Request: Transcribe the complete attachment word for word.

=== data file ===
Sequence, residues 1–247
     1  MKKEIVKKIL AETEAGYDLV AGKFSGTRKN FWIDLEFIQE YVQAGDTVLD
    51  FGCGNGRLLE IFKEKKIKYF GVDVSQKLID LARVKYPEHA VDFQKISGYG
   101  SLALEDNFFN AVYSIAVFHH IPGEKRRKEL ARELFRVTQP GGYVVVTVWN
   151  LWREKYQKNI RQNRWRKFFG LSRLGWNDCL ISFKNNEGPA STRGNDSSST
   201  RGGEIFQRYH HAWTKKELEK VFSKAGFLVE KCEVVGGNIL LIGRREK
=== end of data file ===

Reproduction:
Sequence, residues 1–247
     1  MKKEIVKKIL AETEAGYDLV AGKFSGTRKN FWIDLEFIQE YVQAGDTVLD
    51  FGCGNGRLLE IFKEKKIKYF GVDVSQKLID LARVKYPEHA VDFQKISGYG
   101  SLALEDNFFN AVYSIAVFHH IPGEKRRKEL ARELFRVTQP GGYVVVTVWN
   151  LWREKYQKNI RQNRWRKFFG LSRLGWNDCL ISFKNNEGPA STRGNDSSST
   201  RGGEIFQRYH HAWTKKELEK VFSKAGFLVE KCEVVGGNIL LIGRREK